French: Engoulevent d’Amérique German: Falkennachtschwalbe Spanish: Añapero yanqui
J. R. Forster
no locality = South Carolina, USA
Subspecies and Distribution
C. m. minor
(J. R. Forster, 1771) – most of C & S Canada S to N & NE USA.
C. m. hesperis
Grinnell, 1905 – SW Canada and W USA.
C. m. sennetti
Coues, 1888 – CS Canada and NC USA.
C. m. howelli
Oberholser, 1914 – WC & SC USA.
C. m. henryi
Cassin, 1855 – SW USA and CN Mexico.
C. m. chapmani
Coues, 1888 – SE USA (E Texas to South Carolina and S to Florida).
C. m. aserriensis
Cherrie, 1896 – extreme S USA (S Texas) and NE Mexico (S to N Veracruz).
C. m. neotropicalis
Selander & Álvarez del Toro, 1955 – E & S Mexico (S from S Veracruz) S to Guatemala and W Honduras.
C. m. panamensis
Eisenmann, 1962 – Nicaragua S to Panama; possibly this race N to E Honduras and Belize.
22–25 cm; male 46–107 g, female 49–101 g, average appears c. 80 g. Sexually dimorphic; at rest, wing-tips usually extend well beyond tip of tail. Crown dark... read more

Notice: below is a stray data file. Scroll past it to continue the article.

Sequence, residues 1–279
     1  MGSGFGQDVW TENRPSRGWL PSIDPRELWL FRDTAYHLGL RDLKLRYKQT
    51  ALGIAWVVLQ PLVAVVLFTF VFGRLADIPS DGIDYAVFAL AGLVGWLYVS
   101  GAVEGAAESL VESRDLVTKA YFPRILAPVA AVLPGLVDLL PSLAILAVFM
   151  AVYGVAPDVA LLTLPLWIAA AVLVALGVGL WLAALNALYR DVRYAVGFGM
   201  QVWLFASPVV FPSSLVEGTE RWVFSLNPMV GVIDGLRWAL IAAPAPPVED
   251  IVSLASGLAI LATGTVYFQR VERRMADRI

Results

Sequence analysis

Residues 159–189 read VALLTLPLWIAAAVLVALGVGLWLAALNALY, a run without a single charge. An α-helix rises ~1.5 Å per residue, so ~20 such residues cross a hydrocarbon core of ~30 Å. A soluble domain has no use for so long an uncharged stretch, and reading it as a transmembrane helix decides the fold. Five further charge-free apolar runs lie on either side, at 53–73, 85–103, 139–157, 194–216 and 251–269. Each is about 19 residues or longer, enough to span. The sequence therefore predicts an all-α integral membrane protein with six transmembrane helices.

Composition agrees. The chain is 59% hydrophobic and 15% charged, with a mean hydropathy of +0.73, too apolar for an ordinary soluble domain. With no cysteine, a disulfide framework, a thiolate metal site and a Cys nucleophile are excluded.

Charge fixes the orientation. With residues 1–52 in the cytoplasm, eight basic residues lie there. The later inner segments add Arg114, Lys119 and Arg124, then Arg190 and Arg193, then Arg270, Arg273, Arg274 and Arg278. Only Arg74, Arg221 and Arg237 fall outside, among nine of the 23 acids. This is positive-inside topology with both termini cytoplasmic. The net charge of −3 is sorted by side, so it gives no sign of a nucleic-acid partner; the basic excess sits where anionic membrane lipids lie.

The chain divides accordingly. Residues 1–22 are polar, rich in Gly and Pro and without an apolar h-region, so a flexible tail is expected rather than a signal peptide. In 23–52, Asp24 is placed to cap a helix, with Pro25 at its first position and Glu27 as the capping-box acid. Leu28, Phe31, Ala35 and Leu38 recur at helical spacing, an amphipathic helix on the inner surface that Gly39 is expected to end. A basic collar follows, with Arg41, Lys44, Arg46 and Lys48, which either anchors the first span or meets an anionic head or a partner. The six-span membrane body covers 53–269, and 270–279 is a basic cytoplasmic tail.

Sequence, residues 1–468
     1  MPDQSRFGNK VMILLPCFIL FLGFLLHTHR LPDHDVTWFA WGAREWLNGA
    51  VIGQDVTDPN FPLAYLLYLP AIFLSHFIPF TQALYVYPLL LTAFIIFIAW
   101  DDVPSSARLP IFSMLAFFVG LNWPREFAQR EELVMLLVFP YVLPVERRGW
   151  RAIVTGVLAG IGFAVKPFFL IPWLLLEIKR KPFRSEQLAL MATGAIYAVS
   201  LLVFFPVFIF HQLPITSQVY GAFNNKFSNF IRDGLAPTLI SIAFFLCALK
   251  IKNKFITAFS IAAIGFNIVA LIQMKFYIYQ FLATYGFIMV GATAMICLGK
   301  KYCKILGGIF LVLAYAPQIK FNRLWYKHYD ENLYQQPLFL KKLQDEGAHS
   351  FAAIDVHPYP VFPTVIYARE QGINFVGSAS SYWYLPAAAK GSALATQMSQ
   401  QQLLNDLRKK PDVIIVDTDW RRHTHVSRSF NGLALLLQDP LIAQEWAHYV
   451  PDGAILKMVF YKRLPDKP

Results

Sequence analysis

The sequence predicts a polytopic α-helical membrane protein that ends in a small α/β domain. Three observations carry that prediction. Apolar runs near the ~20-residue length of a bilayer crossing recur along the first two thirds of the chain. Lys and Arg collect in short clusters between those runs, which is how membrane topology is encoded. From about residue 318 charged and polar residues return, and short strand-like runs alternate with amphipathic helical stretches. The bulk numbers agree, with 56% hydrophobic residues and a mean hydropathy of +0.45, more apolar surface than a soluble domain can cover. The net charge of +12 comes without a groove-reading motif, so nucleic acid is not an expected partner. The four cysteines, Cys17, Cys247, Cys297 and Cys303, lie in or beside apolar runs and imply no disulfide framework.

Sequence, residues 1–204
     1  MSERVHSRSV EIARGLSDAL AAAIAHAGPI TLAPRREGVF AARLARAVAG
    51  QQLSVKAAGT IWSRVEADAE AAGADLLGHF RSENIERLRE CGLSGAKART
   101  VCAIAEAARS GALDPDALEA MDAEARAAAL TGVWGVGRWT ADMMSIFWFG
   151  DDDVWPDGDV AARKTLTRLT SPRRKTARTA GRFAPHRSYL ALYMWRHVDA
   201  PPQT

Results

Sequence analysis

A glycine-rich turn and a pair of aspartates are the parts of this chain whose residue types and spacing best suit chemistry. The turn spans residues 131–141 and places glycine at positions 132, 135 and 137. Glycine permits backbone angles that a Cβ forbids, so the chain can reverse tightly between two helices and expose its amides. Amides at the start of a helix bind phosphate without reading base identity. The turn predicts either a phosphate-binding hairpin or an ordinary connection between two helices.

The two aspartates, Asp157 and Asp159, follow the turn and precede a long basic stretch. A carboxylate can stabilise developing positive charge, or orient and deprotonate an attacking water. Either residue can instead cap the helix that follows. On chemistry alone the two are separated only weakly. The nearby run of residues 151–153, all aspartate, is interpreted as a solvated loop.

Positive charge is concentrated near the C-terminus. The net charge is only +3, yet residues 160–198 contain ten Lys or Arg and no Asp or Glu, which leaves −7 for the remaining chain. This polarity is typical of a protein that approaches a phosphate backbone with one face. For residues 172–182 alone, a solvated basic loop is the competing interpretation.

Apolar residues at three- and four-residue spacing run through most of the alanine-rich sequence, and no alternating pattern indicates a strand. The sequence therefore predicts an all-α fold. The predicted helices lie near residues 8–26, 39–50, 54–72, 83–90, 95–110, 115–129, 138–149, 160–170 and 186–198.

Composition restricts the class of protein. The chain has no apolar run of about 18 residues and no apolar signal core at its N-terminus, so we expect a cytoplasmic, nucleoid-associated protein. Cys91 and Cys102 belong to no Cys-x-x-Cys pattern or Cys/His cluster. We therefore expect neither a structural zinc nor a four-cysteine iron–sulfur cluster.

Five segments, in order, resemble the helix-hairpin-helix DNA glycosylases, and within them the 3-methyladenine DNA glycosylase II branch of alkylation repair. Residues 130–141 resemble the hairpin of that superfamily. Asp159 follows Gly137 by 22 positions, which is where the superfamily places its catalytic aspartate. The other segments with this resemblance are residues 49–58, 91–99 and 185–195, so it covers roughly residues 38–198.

Territorial/courtship call of male is a nasal “peent”, usually in flight; other calls... read more
Favours open or semi-open arid country: savanna and open grassland, plains, grassland with... read more
Food and feeding
Diet includes moths, bugs, wasps, flies, mosquitoes, mayflies, caddisflies, gnats, flying ants, plant lice, grasshoppers, locusts, crickets... read more
Breeds May–Jul in Canada, late Apr to Aug in N USA, late Mar to Aug in S USA, and mid-May to Aug in Central America. Occasionally... read more
Highly migratory, breeding throughout North & Central America and wintering in South America,... read more
Status and conservation
Not globally threatened (Least Concern). Widespread and generally common throughout much of breeding range; widespread and locally fairly common in Mexico, where also a... read more
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